The Jan. 2 op-ed, “How history shapes Charleston’s landscape of memory,” must be answered. The writer condemns Charleston’s Confederate memorials as “Jim Crow monuments because their creation coincided with the restoration of white supremacy.”

He suggests that there was some sort of racialist motive for the creation of the memorials. He offers no evidence or a single quote from any of those who erected these tokens of memory to support this claim, while ignoring the reasons they did express for creating them.

These statues and inscriptions were and are tributes to Charleston’s dead heroes who defended this city over four years of bombardment and attack by an invading army. We owe them an incalculable debt. Look around you. Our beautiful city is their gift to us. Had they not fended off federal forces, Charleston would have shared the fate of Columbia.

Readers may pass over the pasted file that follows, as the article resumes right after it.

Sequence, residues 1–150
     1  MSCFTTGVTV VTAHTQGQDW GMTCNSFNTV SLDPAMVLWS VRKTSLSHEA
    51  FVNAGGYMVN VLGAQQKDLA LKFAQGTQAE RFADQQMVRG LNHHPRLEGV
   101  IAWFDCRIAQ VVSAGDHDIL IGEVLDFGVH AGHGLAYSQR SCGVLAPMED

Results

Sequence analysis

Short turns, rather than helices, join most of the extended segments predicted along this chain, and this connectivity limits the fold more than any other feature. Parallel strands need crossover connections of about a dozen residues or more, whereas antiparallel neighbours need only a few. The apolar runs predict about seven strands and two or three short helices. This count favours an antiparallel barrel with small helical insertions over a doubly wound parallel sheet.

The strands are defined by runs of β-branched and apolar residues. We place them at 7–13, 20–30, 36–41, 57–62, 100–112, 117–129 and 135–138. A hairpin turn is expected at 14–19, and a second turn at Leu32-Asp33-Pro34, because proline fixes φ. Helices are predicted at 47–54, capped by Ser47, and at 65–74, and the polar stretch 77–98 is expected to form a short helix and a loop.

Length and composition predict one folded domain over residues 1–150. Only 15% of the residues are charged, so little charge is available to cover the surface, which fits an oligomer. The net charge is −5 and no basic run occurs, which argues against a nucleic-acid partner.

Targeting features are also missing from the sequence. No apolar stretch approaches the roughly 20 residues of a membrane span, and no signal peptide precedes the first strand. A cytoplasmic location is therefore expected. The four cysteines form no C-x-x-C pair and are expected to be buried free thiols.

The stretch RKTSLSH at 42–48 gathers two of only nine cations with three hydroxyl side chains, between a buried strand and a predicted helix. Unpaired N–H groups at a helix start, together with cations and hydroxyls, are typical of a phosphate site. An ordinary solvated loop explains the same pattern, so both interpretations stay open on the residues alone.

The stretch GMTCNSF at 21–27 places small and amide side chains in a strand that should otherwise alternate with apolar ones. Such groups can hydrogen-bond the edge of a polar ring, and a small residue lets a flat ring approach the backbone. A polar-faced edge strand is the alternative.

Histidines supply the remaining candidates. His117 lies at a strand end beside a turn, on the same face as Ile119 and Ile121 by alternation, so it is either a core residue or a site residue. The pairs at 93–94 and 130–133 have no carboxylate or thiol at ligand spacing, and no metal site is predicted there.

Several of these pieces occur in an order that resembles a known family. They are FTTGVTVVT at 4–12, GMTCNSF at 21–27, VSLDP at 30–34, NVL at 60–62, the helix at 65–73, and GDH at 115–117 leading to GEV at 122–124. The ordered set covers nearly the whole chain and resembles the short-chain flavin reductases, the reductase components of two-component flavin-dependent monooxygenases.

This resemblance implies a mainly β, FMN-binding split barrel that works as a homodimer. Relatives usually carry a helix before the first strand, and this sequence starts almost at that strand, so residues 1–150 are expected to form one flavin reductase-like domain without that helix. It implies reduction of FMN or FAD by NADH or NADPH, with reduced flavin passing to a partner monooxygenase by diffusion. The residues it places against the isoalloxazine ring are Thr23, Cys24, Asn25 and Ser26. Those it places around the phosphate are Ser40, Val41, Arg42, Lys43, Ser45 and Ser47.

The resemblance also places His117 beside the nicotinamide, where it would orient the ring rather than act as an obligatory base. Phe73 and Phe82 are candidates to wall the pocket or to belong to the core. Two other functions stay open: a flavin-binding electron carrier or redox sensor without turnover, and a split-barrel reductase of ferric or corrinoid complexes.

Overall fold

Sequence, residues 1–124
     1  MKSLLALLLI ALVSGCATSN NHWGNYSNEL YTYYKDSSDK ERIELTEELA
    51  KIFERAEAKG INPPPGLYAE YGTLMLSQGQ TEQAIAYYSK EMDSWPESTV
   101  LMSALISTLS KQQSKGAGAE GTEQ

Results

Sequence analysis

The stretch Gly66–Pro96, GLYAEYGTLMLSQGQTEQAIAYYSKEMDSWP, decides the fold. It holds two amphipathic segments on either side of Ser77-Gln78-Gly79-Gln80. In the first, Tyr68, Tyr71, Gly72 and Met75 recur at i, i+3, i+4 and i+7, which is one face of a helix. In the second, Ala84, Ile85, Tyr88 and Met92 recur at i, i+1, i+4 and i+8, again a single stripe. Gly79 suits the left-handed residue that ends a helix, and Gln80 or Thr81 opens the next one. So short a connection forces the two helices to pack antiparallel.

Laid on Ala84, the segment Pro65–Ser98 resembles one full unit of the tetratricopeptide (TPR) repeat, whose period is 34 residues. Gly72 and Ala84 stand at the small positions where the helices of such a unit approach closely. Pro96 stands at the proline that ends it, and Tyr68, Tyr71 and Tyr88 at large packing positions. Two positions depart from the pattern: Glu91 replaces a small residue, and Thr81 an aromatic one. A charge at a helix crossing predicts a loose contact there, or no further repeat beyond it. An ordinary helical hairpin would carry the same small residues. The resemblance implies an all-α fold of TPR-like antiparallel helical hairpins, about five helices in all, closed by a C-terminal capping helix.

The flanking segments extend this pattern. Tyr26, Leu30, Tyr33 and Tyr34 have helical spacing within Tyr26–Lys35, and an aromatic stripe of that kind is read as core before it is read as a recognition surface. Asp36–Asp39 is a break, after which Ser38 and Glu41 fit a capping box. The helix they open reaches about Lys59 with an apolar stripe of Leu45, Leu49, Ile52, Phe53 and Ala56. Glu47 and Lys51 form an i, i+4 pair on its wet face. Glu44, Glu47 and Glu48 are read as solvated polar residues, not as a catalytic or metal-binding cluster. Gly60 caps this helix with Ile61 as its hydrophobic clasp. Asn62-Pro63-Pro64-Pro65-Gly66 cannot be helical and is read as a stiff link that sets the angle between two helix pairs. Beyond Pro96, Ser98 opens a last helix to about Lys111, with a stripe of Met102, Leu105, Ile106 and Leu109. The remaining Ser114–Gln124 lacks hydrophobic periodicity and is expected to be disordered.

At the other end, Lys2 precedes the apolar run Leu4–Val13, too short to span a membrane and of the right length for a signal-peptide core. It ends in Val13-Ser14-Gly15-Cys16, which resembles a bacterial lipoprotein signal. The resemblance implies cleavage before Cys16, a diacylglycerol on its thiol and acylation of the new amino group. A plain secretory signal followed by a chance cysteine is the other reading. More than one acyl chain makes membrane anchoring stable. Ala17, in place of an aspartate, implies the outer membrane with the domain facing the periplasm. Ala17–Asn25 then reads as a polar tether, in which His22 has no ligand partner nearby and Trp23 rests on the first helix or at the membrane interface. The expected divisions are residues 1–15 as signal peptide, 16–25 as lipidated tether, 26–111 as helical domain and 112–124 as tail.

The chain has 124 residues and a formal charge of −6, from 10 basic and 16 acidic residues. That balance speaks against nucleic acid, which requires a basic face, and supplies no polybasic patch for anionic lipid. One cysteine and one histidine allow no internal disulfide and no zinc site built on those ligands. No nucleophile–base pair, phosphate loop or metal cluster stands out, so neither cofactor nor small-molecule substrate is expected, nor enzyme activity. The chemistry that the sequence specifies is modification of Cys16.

The monuments were erected between 1896 and 1932. That was, indeed, a time of white supremacy. But does the writer seriously think the monuments could have been erected earlier during the 11 years of armed federal occupation after the war, or during the decades of impoverishment that followed?

They were built as the city was just emerging from these conditions and citizen groups were financially able to memorialize our forebears. The monuments were created for the reasons their builders clearly expressed: to remember and honor those who had given their all to defend us. What kind of a people would we be if we failed to remember and honor them today?

Michael S. Kogan, Ph.D.

King Street